All possible positions of a point or curve satisfying stated conditions.

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Works on the basis that atoms of metallic and other particular elements emit light at characteristic wavelengths when they are excited in a flame, arc, or spark. Excited light is directed through an entrance slit in the spectrometer. This light penetrates the slit, falls on a grate, and is dispersed and reflected. The spectrometer is calibrated by a series of standard samples containing known amounts of the elements of interest. By exciting these standard samples, an analytical curve can be established which gives the relationship between the light intensity and its concentration in the fluid.


An open curve with two parts, all points of which have a constant difference in distance from two fixed points called FOCI.


The forward curve of the stem of a ship


A straight line or curve which a curve of infinite length approaches but never quite reaches


1. The locus of points equidistant from two reference points or lines. 2. (Usually centerline) The line separating the port and starboard sides of a vessel, center of buoyancy. The geometric center of the immersed portion of the hull and appendages of a floating vessel All buoyant forces may be resolved into one result- ant force acting upwards at this point.


The curve formed by a uniform cable supported only at its ends. Navigators are concerned with the catenary of overhead cables which determines clearance underneath, and the catenary of the anchor rode, which in part determines holding power and swing circle.


1. The boundary line of a circle or other closed plane curve or the outer limits of a sphere or other round body. 2. The length of the boundary line of a circle or closed plane curve or of the outer limits of a sphere or other rounded body. The circumference of a sphere is the circumference of any great circle on the sphere.


1. A plane closed curve all points of which are equidistant from a point within, called the center. A great circle is the intersection of a sphere and a plane through its center; it is the largest circle that can be drawn on a sphere. A small circle is the intersection of a sphere and a plane which does not pass through its center. See also PARALLEL OF ALTITUDE, PARALLEL OF DECLINATION, PARALLEL OF LATITUDE; AZIMUTH CIRCLE, BEARING CIRCLE, DIURNAL CIRCLE, EQUATOR, HOUR CIRCLE, PARASELENIC CIRCLES, POSITION CIRCLE, SPEED CIRCLE, VERTICAL CIRCLE. 2. A section of a plane, bounded by a curve all points of which are equidistant from a point within, called the center.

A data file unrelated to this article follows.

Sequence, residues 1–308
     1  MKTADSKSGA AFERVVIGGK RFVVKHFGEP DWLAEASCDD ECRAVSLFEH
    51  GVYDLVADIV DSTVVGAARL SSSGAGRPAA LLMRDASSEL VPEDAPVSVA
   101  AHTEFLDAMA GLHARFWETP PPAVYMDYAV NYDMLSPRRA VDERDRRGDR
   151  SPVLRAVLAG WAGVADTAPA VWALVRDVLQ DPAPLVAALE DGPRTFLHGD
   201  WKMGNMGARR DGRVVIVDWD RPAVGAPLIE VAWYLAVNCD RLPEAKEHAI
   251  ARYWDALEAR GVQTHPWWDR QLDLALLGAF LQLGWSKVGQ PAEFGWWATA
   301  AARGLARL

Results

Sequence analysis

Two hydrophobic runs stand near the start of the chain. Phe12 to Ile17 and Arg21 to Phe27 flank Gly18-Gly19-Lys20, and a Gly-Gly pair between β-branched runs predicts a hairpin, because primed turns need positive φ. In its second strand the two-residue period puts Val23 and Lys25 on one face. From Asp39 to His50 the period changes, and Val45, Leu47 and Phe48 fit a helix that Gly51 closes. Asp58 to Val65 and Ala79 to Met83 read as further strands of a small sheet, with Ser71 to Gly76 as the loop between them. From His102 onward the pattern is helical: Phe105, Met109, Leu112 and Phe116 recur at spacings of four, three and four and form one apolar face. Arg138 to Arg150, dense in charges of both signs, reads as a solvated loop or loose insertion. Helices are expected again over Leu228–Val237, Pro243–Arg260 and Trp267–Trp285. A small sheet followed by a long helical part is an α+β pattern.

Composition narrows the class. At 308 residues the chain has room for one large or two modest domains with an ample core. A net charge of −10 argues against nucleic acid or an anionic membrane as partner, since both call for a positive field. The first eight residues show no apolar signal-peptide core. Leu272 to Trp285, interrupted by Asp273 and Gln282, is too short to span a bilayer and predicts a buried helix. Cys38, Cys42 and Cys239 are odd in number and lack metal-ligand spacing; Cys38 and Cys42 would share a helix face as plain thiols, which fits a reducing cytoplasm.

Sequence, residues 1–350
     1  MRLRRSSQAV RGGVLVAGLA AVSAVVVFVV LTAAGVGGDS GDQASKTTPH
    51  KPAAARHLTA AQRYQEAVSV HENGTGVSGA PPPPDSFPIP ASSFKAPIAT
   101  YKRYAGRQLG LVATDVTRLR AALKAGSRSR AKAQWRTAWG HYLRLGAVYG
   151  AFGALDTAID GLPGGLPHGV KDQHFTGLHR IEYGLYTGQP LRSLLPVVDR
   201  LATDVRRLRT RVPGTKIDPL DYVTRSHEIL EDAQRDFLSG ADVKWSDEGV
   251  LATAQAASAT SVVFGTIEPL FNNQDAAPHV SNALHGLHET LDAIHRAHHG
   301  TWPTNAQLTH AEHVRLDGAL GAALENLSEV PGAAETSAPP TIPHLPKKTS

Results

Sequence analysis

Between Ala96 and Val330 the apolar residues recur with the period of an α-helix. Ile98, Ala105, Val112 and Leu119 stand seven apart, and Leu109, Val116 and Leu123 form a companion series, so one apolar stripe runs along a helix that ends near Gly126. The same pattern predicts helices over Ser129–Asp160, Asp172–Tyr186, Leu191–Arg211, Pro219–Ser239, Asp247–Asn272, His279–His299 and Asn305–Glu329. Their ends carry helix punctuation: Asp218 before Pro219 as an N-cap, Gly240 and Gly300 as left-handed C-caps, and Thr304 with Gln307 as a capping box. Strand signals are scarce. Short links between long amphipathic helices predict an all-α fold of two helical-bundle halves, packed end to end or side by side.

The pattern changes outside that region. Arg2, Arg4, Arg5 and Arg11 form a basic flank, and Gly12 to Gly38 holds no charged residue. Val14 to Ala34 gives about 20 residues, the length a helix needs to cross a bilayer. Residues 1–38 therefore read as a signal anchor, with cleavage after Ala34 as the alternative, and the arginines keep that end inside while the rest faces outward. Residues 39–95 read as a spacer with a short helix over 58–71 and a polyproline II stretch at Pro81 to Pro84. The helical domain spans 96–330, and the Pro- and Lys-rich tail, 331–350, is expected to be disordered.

1. A solid having a plane base bounded by a closed curve and a surface formed by lines from every point on the circumference of the base to a common point or APEX. 2. A surface generated by a straight line of indefinite length, one point of which is fixed and another point of which follows a fixed curve. Also called a CONICAL SURFACE.


Any plane curve which is the locus of a point which moves so that the ratio of its distance from a fixed point to its distance from a fixed line is constant. The ratio is called the eccentricity; the fixed point is the focus; the fixed line is the directrix. When the eccentricity is equal to unity, the conic section is a parabola; when less than unity an ellipse; and when greater than unity, a hyperbola. They are so called because they are formed by the intersection of a plane and a right circular cone.

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